All-cash purchases remain common in the investment- and vacation-home market: half of investment buyers paid cash in 2012, as did 46 percent of vacation-home buyers. Forty-seven percent of investment homes purchased in 2012 were distressed homes, as were 35 percent of vacation homes.
Of buyers who financed their purchase with a mortgage in 2012, large downpayments remain typical. The median downpayment for both investment- and vacation-home buyers was 27 percent, the same as in 2011.
Investment-home buyers in 2012 had a median age of 45, earned $85,700 and bought a home that was relatively close to their primary residence – a median distance of 21 miles, although 29 percent were more than 100 miles away. Thirty-five percent of investment buyers purchased more than one property.
“Property flipping modestly increased in in 2012,” Yun said. “However, this isn’t flipping in the sense of what took place during the housing boom. Rather, investors generally are renovating and improving properties before placing them back on the market to resell at a profit.”
Six percent of homes purchased by investment buyers last year have already been resold, and another 8 percent are planned to be sold within a year. In the 2011 study, 5 percent of investment homes were already resold, and 8 percent were planned to be sold within a year. Overall, investment buyers plan to hold the property for a median of 8 years, up from 5 years in 2011.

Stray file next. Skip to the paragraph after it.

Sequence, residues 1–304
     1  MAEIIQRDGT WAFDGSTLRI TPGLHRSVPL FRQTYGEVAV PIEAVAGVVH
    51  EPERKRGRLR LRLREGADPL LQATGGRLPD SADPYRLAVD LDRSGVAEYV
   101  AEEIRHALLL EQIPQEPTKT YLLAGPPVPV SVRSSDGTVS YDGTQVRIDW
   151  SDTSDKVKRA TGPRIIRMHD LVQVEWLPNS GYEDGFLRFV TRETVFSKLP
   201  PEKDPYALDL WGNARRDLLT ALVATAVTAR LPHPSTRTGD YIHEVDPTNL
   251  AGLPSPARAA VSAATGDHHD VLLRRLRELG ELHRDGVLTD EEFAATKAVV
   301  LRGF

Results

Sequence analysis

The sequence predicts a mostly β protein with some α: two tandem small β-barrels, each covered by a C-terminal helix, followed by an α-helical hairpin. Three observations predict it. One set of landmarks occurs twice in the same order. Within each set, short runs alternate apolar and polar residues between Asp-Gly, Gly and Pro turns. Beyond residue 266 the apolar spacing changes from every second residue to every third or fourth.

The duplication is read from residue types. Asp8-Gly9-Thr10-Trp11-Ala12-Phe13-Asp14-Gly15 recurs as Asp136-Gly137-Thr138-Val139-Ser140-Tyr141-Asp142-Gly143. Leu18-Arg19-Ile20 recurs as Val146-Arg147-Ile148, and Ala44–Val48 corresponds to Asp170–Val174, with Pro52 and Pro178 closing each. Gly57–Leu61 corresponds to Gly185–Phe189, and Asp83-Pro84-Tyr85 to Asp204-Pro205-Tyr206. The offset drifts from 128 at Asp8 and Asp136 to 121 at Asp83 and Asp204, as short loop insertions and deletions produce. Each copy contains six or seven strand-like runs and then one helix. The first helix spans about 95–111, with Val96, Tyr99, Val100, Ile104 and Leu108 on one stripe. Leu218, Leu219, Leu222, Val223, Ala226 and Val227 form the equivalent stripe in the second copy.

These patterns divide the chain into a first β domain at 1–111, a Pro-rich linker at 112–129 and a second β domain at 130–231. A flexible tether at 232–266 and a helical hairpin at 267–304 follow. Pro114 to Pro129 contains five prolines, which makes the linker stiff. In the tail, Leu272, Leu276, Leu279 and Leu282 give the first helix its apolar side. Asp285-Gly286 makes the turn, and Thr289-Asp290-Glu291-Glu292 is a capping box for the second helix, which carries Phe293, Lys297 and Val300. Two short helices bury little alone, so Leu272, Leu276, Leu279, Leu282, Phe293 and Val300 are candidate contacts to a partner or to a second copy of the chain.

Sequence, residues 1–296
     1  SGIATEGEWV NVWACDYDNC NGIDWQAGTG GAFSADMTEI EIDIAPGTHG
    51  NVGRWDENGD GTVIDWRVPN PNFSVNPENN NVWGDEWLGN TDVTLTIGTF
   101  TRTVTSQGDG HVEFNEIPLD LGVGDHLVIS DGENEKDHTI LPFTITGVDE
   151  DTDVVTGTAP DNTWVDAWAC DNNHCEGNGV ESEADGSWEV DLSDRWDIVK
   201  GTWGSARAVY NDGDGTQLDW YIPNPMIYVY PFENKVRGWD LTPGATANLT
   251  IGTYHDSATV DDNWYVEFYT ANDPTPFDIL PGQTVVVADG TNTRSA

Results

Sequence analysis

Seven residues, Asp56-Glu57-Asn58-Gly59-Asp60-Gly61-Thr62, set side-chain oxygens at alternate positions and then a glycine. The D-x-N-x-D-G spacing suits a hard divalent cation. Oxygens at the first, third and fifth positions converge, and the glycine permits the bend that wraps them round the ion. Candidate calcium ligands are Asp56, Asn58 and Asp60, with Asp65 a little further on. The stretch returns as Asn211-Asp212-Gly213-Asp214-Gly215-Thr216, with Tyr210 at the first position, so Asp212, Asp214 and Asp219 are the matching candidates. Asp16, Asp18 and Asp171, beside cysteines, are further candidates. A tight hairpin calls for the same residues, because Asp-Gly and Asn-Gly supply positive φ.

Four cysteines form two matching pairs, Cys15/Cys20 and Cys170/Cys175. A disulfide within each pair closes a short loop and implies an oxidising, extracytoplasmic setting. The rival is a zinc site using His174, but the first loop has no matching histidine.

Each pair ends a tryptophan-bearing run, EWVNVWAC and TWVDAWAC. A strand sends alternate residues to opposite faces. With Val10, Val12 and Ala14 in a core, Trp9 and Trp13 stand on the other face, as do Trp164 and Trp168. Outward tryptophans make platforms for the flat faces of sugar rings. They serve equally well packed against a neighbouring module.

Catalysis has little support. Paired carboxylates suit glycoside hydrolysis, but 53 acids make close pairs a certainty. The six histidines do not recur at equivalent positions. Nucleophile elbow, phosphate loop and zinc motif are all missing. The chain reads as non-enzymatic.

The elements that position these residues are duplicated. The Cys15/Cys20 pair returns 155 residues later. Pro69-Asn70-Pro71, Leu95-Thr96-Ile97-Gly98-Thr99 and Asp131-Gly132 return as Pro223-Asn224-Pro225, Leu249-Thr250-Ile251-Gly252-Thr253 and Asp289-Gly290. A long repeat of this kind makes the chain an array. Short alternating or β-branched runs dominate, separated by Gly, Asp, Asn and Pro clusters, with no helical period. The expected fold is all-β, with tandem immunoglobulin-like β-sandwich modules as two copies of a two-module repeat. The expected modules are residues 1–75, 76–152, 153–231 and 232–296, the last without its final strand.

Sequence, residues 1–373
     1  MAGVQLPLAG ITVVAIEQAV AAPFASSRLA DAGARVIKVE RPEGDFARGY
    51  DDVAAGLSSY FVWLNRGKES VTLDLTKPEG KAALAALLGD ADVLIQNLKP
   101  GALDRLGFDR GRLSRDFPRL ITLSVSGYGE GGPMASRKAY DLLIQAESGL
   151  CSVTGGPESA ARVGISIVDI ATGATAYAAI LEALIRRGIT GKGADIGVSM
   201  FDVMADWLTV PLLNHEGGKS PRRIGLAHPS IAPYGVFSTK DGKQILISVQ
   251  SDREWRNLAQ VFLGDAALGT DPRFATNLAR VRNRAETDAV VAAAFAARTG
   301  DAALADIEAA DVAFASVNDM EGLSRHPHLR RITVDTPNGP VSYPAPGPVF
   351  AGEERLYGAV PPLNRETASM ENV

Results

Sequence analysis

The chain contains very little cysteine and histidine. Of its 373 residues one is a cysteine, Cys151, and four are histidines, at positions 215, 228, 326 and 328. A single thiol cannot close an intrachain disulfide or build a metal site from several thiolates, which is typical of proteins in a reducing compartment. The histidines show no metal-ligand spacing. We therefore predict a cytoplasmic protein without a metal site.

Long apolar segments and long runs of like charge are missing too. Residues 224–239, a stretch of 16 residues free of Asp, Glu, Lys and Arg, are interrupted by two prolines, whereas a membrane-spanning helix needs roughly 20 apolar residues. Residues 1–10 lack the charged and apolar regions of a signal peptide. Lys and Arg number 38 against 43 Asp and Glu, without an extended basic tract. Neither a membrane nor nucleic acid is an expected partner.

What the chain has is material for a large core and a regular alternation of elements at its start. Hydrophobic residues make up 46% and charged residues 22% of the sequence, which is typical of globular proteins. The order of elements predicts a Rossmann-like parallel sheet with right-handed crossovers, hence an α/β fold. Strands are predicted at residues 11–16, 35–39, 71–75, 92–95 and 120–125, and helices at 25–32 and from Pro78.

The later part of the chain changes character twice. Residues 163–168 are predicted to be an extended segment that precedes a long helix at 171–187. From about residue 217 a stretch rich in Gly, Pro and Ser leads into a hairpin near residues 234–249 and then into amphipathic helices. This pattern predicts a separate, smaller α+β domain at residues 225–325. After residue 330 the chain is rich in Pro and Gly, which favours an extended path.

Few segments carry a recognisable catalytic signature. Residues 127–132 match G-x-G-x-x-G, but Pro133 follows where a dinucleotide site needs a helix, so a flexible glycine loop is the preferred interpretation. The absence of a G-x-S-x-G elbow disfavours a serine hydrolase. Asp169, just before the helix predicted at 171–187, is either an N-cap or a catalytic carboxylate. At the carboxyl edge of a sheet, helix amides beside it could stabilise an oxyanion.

Seventy-eight percent of all second-home buyers said it was a good time to buy, compared with 68 percent of primary residence buyers. “This suggests that second-home buyers tend to be a step ahead of general buyers in sensing a market recovery,” Yun said.
The typical vacation-home buyer was 47 years old, had a median household income of $92,100 and purchased a property that was a median distance of 435 miles from their primary residence; 34 percent of vacation homes were within 100 miles and 46 percent were more than 500 miles. Buyers plan to own their recreational property for a median of 10 years.
Lifestyle factors remain the primary motivation for vacation-home buyers, while rental income is the main factor in investment purchases.
Buyers listed many reasons buyers for purchasing a vacation home: 80 percent want to use the property for vacations or as a family retreat, 27 percent plan to use it as a primary residence in the future, 23 percent plan to rent to others and 23 percent wanted to diversify their investments or saw a good investment opportunity.
Fifty-five percent of investment buyers said they purchased for rental income, 30 percent wanted to diversify their investments or saw a good investment opportunity, and 20 percent wanted to use the home for vacations or as a family retreat.